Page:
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I’ve organized the above points into a straight-forward outline below:

  1. Communism: aggressively ideological, anti-propertarian internationalist socialism.
    1. Communism is intensely – arguably, cripplingly – committed to an ideological structure. This commitment has, in the past, rendered communism a rolling catastrophe whenever it has achieved real political power. This is because past visions – such as Stalinism or Maoism – have demanded that facts fit ideology rather than adjust ideology to adapt to facts. This demand has expressed itself in the form of brutally repressive police states that brook no deviation from the State’s cant, and led to “economic plans” that have left millions dead of starvation.
    2. Nevertheless, communism is springing from a legitimate criticism of the dominant forms of order in the world. Laborers and the working classes have, as a matter of indisputable fact, been savagely and universally oppressed by those in power. So there is a genuine ideal of a better world at work here, however horrifyingly it has ultimately translated itself into real world action. Perhaps that is a key to actually working with and for communism, by keeping it as a minor party in a parliamentarian system with no real hope at power. It would then function as a gadfly, and could serve as a check on the pretensions and pomposity of others.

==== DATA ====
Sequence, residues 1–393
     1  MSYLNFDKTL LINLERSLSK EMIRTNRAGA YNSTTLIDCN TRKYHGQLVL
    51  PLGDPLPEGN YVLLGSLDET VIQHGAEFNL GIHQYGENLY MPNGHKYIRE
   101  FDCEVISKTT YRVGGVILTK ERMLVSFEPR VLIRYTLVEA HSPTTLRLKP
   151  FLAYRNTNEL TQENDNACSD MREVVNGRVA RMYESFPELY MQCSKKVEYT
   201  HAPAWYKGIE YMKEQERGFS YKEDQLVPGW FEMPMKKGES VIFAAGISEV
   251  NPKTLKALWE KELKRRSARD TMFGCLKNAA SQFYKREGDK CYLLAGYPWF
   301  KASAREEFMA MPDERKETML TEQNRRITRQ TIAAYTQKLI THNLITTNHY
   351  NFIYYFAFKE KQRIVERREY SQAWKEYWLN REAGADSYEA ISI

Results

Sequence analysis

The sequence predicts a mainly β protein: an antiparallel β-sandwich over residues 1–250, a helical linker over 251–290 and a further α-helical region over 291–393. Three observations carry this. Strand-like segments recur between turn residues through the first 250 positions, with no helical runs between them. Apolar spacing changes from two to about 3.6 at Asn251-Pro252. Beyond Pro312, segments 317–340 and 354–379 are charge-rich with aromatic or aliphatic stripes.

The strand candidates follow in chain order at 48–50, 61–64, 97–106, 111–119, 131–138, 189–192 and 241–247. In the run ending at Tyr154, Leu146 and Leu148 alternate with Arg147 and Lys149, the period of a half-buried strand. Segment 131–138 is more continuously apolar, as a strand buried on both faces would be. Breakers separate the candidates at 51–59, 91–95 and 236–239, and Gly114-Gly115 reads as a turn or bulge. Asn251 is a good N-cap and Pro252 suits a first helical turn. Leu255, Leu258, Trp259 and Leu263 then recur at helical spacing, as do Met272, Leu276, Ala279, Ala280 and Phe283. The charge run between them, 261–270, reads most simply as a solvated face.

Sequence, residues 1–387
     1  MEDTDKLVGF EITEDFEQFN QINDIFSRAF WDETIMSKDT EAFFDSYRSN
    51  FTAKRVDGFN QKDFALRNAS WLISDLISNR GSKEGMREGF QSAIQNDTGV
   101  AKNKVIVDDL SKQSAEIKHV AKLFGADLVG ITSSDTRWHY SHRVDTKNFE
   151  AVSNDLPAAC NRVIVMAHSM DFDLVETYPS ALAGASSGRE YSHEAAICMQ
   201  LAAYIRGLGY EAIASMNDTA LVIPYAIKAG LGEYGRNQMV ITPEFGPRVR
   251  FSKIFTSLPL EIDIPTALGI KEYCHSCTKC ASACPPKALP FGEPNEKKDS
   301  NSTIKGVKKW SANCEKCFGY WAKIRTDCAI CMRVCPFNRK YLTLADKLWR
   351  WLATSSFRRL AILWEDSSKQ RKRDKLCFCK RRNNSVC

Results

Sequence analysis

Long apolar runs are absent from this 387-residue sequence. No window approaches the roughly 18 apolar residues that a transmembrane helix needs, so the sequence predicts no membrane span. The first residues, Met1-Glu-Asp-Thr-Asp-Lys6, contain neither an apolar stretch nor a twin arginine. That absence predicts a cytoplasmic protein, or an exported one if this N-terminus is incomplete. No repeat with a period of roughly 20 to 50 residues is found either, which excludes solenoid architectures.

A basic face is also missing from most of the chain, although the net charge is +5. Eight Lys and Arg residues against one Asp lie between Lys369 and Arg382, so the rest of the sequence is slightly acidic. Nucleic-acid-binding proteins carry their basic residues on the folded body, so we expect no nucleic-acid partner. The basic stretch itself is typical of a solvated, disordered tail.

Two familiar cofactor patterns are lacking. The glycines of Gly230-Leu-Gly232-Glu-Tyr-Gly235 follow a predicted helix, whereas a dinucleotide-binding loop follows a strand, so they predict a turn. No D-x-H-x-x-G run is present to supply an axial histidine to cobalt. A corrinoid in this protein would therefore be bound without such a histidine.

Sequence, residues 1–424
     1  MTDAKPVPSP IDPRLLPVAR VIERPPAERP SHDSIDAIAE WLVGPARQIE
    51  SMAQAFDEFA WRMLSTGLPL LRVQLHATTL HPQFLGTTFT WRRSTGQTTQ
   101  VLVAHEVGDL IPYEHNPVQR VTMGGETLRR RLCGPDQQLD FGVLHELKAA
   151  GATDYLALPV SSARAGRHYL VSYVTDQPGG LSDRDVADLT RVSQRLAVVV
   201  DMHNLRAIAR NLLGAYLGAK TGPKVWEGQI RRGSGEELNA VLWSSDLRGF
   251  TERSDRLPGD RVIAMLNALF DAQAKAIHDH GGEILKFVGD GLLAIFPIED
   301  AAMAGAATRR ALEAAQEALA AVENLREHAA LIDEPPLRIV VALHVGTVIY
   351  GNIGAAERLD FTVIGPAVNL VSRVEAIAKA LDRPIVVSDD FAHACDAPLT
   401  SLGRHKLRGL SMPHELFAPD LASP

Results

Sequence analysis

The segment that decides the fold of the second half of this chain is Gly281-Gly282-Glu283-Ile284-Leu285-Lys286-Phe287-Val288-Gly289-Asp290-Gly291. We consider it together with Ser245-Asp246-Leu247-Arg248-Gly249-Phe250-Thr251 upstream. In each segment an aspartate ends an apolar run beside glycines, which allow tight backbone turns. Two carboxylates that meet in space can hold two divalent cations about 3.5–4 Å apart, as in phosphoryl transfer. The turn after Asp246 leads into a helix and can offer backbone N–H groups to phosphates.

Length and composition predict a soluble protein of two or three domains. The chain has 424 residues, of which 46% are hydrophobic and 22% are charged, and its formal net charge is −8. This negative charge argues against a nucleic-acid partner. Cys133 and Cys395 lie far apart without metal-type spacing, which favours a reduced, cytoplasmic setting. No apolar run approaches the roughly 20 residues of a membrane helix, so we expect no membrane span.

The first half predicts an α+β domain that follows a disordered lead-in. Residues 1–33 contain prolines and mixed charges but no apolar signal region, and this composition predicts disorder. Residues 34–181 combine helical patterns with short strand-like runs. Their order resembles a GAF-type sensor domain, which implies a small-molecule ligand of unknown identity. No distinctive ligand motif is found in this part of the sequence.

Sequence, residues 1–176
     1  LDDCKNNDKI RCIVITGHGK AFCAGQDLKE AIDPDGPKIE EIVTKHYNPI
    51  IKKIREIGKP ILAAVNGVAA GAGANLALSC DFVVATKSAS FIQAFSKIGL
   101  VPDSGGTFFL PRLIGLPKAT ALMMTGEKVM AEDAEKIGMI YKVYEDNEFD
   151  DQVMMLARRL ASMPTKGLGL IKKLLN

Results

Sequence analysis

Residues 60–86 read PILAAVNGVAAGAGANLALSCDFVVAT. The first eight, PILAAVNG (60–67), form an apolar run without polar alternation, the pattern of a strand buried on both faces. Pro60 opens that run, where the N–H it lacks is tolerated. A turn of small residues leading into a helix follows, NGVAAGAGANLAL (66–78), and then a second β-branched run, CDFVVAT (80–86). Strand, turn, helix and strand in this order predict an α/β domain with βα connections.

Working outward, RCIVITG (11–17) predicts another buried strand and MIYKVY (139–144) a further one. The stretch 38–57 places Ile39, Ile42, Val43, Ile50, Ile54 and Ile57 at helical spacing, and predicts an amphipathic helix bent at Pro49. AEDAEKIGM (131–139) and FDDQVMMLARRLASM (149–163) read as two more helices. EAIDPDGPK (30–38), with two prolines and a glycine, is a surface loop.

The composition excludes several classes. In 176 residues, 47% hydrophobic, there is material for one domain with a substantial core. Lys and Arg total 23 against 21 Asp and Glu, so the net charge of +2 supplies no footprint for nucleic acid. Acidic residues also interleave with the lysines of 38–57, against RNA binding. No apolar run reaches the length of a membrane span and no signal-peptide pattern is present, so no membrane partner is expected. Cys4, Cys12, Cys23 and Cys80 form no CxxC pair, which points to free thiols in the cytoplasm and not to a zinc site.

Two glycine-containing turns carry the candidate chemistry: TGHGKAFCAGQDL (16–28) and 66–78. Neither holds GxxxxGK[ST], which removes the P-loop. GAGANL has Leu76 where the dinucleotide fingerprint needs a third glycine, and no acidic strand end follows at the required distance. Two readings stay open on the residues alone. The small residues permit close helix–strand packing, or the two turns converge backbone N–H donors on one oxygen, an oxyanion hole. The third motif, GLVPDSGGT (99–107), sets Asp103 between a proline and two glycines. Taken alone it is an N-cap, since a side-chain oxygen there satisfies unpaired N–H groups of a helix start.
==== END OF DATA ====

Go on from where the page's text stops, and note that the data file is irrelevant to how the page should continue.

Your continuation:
3. Communism is thoroughly internationalist in character; the heroes of its story are the workers of the world. As such, it is philosophically opposed to all forms of parochial closures that set aside some groups as “outsiders,” as “them.” In other words, racism, sexism, and the like are nominally opposed in all of their forms. Again, how this gets expressed in actual practice is typically short of the ideal.
  2. Fascism: a non-ideological, nationalist/racist program for achieving hegemonic domination and power built upon a populist base whipped up by fantasies of a cult of victimhood.
    1. Fascism is simply born evil at the start. As Robert O. Paxton has pointed out, Fascism has no ideology, no underlying philosophy. It is exclusively a program for seizing unfettered power. This is why it inevitably aligns itself with capital and against labor, because capital is where the power is held (which labor and communism are trying to take back to themselves.)
    2. Fascism is nationalist and racist to its core. This is necessarily the case, since its populist base is energized and ginned up with vicious lies about how they are being threatened and oppressed by some group of outsiders: blacks, Jews, Muslims, migrant workers, and so on. This cult of victimhood is one of the keys to Fascism’s hold on power, as it unites its core group of mass supporters in a fantasy of dangerous outsiders while keeping them blind to the fact that their liberties are being trampled in their populist stampede to hand over all power to a political cabal that is pulling the Fascist strings.